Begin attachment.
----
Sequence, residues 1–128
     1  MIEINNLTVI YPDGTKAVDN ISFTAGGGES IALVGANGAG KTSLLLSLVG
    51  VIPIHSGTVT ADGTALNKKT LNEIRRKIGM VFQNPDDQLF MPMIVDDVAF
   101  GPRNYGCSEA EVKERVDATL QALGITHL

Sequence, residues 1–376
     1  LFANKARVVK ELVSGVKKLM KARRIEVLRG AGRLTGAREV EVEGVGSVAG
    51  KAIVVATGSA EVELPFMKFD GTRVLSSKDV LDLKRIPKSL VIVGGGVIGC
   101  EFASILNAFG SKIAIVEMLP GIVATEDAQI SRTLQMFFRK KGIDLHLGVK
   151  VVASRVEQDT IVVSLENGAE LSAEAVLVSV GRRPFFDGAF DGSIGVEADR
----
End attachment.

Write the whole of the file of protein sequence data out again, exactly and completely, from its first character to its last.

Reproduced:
Sequence, residues 1–128
     1  MIEINNLTVI YPDGTKAVDN ISFTAGGGES IALVGANGAG KTSLLLSLVG
    51  VIPIHSGTVT ADGTALNKKT LNEIRRKIGM VFQNPDDQLF MPMIVDDVAF
   101  GPRNYGCSEA EVKERVDATL QALGITHL

Sequence, residues 1–376
     1  LFANKARVVK ELVSGVKKLM KARRIEVLRG AGRLTGAREV EVEGVGSVAG
    51  KAIVVATGSA EVELPFMKFD GTRVLSSKDV LDLKRIPKSL VIVGGGVIGC
   101  EFASILNAFG SKIAIVEMLP GIVATEDAQI SRTLQMFFRK KGIDLHLGVK
   151  VVASRVEQDT IVVSLENGAE LSAEAVLVSV GRRPFFDGAF DGSIGVEADR